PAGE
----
The terror threat at the Sochi Games can be measured in numbers.
7: The minimum number of terror groups active in the area. Most experts agree the total number is hard to pin down. Generally speaking, the organizations sprang from separatist groups in Chechnya and Dagestan that battled for independence from Russia after the collapse of the Soviet Union. Some of those groups later morphed into radical Islamic terror organizations. The U.S. State Department has identified one, the Islamic International Peacekeeping Brigade, as having links to al Qaida on the Arabian Peninsula, the Yemen-based terrorist group known as AQAP. Other groups include the Special Purpose Islamic Regiment, the Riyadus-Salikhin, the Sabotage Battalion of Chechen Martyrs, the Yarmuk Jamaat, the Ingush Jamaat and Shariah Jamaat. Of those, experts note that Riyadus-Salikhin is most often associated with suicide bombers.
515: The driving distance from Grozny, Chechnya’s capital, to Sochi, where this year’s Winter Olympic Games are being held. That’s a drive similar to Sacramento, Calif., to Boise, Idaho, but it’s a road that travels centuries of hatred. Tribes have been fighting since the 17th century against Russian rule. In 1944, Joseph Stalin expelled the entire ethnic Chechen population to Kazakhstan, where an estimated 60 percent died. They were allowed to return to Chechnya after Stalin’s death.
602: The distance from Makhachkala, Dagestan, to Sochi, about the distance from Denver to Kansas City. That road reaches into the heart of the current terror threat. Dagestan is where the “black widow” suicide bombers come from. While the terrorists here first reached the world stage while joining those from Chechnya, it’s the Dagestani groups, created in the harsh Russian response to Chechen rebel incursions into Dagestan, that have vowed to disrupt the Games.
13: The number of Muslim clerics murdered in and around Dagestan since June 2010, in a war that pits Islamist extremists against more moderate Muslim followers. Experts aren’t sure if the killings were warnings or a power play. Several of those murdered vocally opposed violence, though at least one was a proponent. Some died in their mosques, gunned down along with worshippers. Others died at home or on the streets. One died with his bodyguards, who also were killed.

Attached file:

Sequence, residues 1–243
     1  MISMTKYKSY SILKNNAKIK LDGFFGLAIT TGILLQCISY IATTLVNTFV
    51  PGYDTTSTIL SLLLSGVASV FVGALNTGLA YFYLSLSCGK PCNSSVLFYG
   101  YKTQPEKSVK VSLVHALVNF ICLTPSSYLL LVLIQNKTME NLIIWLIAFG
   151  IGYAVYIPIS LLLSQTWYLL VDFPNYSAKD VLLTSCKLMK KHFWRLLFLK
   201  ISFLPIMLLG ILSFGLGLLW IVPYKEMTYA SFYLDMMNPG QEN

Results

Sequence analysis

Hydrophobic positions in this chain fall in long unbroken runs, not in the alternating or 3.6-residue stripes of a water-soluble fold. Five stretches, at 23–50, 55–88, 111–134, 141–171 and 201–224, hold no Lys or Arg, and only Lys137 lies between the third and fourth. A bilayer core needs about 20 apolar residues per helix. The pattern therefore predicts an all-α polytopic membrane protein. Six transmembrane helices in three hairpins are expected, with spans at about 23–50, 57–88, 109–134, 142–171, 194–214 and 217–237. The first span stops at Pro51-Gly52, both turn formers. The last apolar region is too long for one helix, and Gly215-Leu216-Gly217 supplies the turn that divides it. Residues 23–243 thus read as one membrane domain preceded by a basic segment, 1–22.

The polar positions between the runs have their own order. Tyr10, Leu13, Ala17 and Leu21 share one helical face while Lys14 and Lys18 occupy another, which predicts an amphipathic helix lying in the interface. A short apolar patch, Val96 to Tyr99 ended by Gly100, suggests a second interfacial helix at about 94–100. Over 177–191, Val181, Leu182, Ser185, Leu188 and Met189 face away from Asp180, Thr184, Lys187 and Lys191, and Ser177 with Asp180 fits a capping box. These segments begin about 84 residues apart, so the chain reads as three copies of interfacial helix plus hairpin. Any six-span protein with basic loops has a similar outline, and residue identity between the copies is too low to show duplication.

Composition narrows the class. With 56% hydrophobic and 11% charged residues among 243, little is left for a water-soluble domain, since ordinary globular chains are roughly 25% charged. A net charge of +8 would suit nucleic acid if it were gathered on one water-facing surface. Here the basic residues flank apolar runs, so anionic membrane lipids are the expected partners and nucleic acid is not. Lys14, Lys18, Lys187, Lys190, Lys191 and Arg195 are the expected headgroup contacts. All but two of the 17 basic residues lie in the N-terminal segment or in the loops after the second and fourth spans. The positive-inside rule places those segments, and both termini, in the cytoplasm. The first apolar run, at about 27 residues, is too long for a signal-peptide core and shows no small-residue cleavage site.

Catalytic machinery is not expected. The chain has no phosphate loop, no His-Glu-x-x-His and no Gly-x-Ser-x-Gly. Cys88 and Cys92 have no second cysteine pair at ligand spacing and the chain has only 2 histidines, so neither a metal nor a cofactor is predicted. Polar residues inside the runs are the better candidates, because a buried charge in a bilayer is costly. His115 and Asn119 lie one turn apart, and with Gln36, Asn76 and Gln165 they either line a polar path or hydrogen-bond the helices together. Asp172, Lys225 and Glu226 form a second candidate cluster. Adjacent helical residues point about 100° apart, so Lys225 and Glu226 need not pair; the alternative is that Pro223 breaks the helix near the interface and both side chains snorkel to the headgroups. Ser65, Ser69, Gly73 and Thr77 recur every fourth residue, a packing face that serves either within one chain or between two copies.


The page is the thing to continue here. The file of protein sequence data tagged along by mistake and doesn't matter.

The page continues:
800: The number of police and police department employees murdered in Dagestan since 2011 in their piece of the war on terror. Henry Plater-Zyberk, an expert on extremism in the area with the Prague Security Studies Institute, noted that in addition to those killed, thousands of other police have been injured. There were 188 officers killed in 2011. He notes that the pace of killings appears to have quickened.
10,000: The number of Russian army special forces troops now patrolling the Caucasus Mountains near the Olympic venues. They are part of a security force of an estimated 100,000 for the Olympics. Plater-Zyberk says that other Russian state organizations have their own special forces units that could be deployed if needed.
150,000: The estimated number who died during the two wars in Chechnya, fought in 1994-1996 and 1999-2006. Hundreds of thousands of people fled the region.
57.8 billion: The number of rubles Russia is spending on security for the games. That equates to about $2 billion.
50 billion: The total dollar cost of staging the games in Sochi. Plater-Zyberk says this number is worth noting because it explains part of the Russian strategy of pacifying the region by bringing development, and because it shows the sheer scale of the construction project that was undertaken. That construction relied on workers from the region, including many from Dagestan and Chechnya. That’s led to one persistent worry: that “something very nasty” was built into the venue, timed to go off while the world watches.
By Matthew Schofield
McClatchy Foreign Staff